She wasn’t going to be winning any Emmys anytime soon, but Anderson was a more than capable centre to Stacked. Whether she’s setting up an easy punchline, or spiking an even easier one, there’s a magnetism to her that you imagine is inherent to Anderson in real life. It’s probably what made her stand out in the huge cast of Baywatch, and what she owes her enduring kind-of celebritydom to now. The woman’s been on four different iterations of Dancing with the Stars across the world, you guys.
The rest of Stacked was a shockingly simple concept, even by 2005 standards. Skylar, for that is our protagonist’s name, is dumb and hot; everybody else is smart and less hot. The jokes are the easiest lobs you could ever hope to catch, the kind of jokes that you chuckle at if you manage to overhear them while you’re cooking your dinner.
There was literally one set, the family-run bookstore. All the other characters worked in the book store – the disgruntled and faux-academic owner (Elon Gold), the in-love-with-Pamela-Anderson clerk (Birian Scolaro) and the frazzled-but-oversexed barista (the hugely over-qualified Broadway star Marissa Jaret Winokur) – except for a regular customer played by Christopher Lloyd. Yes, the guy from Back to the Future.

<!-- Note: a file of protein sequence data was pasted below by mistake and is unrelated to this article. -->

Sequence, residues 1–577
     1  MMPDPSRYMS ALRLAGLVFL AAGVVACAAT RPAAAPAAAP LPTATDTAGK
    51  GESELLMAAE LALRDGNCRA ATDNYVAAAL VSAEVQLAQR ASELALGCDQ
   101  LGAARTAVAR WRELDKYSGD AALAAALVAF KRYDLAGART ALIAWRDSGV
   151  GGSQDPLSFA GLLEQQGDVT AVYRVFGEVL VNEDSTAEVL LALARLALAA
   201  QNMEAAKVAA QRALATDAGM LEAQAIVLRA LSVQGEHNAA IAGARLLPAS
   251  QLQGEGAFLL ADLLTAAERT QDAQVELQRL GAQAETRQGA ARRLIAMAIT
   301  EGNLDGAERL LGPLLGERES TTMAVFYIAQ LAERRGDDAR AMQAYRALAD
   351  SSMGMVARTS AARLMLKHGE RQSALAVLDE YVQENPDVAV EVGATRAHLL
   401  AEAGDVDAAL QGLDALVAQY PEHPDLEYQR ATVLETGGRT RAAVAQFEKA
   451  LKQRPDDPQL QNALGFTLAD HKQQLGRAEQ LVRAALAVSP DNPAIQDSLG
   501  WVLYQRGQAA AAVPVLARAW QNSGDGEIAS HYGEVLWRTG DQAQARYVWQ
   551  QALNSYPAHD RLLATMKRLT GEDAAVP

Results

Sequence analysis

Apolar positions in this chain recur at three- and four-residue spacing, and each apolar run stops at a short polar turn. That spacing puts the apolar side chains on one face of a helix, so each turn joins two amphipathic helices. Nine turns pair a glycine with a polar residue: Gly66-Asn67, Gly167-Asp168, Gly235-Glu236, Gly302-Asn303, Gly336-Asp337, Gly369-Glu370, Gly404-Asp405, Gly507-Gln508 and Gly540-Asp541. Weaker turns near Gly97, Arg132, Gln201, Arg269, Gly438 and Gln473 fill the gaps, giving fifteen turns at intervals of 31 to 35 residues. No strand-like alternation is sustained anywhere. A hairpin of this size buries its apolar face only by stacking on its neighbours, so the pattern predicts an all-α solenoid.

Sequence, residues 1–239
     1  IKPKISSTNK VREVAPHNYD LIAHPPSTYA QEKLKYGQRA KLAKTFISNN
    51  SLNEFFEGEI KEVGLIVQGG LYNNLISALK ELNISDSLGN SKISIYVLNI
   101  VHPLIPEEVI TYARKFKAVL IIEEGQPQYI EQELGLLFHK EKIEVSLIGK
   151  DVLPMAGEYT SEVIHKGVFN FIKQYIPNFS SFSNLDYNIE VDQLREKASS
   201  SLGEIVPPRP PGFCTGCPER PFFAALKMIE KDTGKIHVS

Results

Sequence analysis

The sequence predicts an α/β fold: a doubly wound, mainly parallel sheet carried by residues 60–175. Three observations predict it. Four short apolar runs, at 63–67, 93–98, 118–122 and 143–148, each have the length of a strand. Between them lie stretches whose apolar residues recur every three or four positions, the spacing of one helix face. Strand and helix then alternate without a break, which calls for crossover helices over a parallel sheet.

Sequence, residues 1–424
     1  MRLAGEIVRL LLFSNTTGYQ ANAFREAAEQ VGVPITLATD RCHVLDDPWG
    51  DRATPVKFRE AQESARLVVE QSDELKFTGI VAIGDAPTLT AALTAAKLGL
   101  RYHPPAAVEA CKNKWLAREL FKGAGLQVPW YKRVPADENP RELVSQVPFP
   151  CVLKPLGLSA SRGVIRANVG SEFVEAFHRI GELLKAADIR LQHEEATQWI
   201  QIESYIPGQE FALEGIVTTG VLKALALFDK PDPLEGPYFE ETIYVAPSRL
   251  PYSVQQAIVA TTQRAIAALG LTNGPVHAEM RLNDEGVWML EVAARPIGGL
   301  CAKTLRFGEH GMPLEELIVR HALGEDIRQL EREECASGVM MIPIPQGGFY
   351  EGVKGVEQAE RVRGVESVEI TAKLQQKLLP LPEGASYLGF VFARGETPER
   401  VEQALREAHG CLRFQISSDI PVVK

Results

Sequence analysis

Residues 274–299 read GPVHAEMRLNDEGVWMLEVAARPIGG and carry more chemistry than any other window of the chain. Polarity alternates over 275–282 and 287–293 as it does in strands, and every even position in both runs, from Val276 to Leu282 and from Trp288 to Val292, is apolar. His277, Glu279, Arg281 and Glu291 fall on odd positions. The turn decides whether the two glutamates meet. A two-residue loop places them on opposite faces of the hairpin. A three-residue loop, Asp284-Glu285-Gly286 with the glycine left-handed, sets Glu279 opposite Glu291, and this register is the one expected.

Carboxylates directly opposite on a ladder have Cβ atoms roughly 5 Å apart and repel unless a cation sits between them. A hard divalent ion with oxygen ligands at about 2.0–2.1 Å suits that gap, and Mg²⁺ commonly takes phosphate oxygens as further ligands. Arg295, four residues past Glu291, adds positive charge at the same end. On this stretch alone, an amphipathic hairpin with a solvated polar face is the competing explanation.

I hope he and Pamela Anderson have regular catch-ups, because Stacked was not long for the world. You see, 2005 was right about the time when people were getting bored of the three-camera sitcom, and moving on to more sophisticated single camera comedies: your Scrubs, your The Offices, your 30 Rocks. While the biggest comedies on television were still three-camera shows, like Two and a Half Men, the critical conversation had shifted to these weirder, more experimental single-cameras.